Fig. 1. AFM top view and surface prole of a SiO2 lm irradiated with a uesilanized. The areal concentration of the hole structures agrees well with the i
5 m5 m
A = 161
Fig. 2. Photograph of advancing contact angle on a superhydrophobicsurface (a). 3D view of silanized SiO2 lm pre-irradiated with a uence of7 109 ions cm2 and etched during 18 mn (b).Distance (m) 1 2 3 4 5
nce of 7 109 Pb cm2, then etched in 1% HF during 16 min and nallyrradiated uence.
Phys. Res. B 266 (2008) 31433147 3145small area delimited by a radius rc, given by rc = R sinhEwhere R is the drop radius.
The loglog plot of the resonance frequencies as a func-tion of the drop volume is shown in Fig. 4(a). As can beseen the frequencies increase with the mode number anddecrease with the drop volume. The exponent of the powert varies between 0.485 and 0.505, which is in satisfac-tory agreement with theoretical predictions (fr / V0.5).However, a discrepancy is found between the absolute val-ues measured for fr and the theoretical predictions. Such adierence can be easily understood with a more quantita-tive analysis of mode = 2, which can be described as asuperposition of two ellipsoids having their maximum totalcurvature either along the equator (oblate ellipsoid) or con-centrated at two poles (prolate ellipsoid). Investigationsbased in simulated microgravity  and experiments ofaerodynamic levitation  have proposed dierent empiri-
= 3 = 4
Fig. 3. Photographs of the drop proles (lying on surface presented inFig. 1) for both the as deposited drop and the modes = 2 (4 nodes), = 3(6 nodes) and = 4 (8 nodes). The nodes are indicated by the white spots.
4f r (Hz
f r (Hz
3146 S.M.M. Ramos /Nucl. Instr. and Methcal relations that describe well the evolution of the reso-nance frequencies versus the volume of attened drops.On the same basis we propose a simpler empirical relation-ship based in the following features: the superhydrophobiccharacter of our surfaces (high hA values and low Dh) andthe quasi-spherical shape of the drops lying on such sur-faces. It is given by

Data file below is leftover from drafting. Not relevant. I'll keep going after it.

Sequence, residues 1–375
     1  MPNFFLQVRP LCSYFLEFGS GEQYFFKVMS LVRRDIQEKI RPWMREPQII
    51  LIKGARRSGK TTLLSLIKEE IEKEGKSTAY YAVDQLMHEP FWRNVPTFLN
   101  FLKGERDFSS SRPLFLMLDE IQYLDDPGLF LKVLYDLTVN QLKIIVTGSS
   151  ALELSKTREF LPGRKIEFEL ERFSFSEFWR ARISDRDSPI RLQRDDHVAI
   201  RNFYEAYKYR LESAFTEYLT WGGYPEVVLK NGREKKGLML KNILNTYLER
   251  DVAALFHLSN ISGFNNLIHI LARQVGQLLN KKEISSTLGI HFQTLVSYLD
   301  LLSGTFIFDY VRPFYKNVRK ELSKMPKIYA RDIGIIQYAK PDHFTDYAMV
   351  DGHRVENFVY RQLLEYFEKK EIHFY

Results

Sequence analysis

where the rst factor is the Lambs expression for = 2 andthe second is a geometrical parameter taking into accountthe deviation of the drop from a spherical shape. This cor-rective factor is controlled by both the equilibrium contactangle and by the ratio between the maximal elongation ofprolate Lp and oblate Lo ellipsoids (see Fig. 3), named hereb. The resulting t presented in Fig. 4(b) illustrates quite agood agreement between the measured and calculated data.Fig. 5 plots b as function of the driving force Fm. As couldbe expected b varies conversely with Fm. For the lowest Fmvalues, the drop undergoes a larger deformation and thevalues of maximal elongations along polar and equatorialdirections are very close (b = 0.95) to each other. It evi-
Experiments Relation (1) Relation (2)
0.1 1 10
Fig. 4. (a) Resonance frequencies, fr, as a function of the drop volume V.(b) Experimental data for = 2, theoretical fr versus V from Eq. (1) andempirical t from Eq. (2).dences a quasisymmetry of the drop oscillation amplitudeindicating thus that on our processed surfaces the drop be-haves as quasifree. This feature is original and of greatinterest for microuidic devices where a very low dissipa-tive eect on the ow motion is required. The same param-eter b is plotted versus the etching time tHF in the inset. Theclose correlation between b and tHF evidences that thetrack etching technique provides an excellent tool for con-trolling the wetting properties of surfaces.
In this paper we have discussed the fundamental impor-tance of irradiation eects on the a-SiO2 layers for both the
tHF (mn) 0
Fig. 5. Ratio between the maximal elongation of prolate and oblateellipsoids b, characteristics of mode = 2, as a function of driving force.Inset: b as a function of the etching time, tHF. The dotted line is drawnonly to guide the eye.
Phys. Res. B 266 (2008) 31433147construction of surfaces with a controlled high hydropho-bicity and for the study of the fundamental vibration modeof supported small drops. The fact that two properties ashigh hydrophobicity and small contact angle hysteresisare combined on the same surface results in a high dropmobility. The drops behave as quasifree. The evolution ofthe resonance frequencies as a function of the drop volumecan thus be compared to theoretical predictions concerninga completely free drop. A simple empirical relationship,taking into account the drop deviation from sphericalshape, allows us to bring into agreement the measuredand calculated frequency values.
It is a pleasure to thank A. Benyagoub, I. Monet and B.Canut for precious help in the surface processingexperiments.
 Lord Kelvin, Math. Phys. Pap. 3 (1890) 384. Lord Raylegh, The Theory of Sound, Macmillan, 1894.
 H. Lamb, Hydrodynamics, Cambridge University P...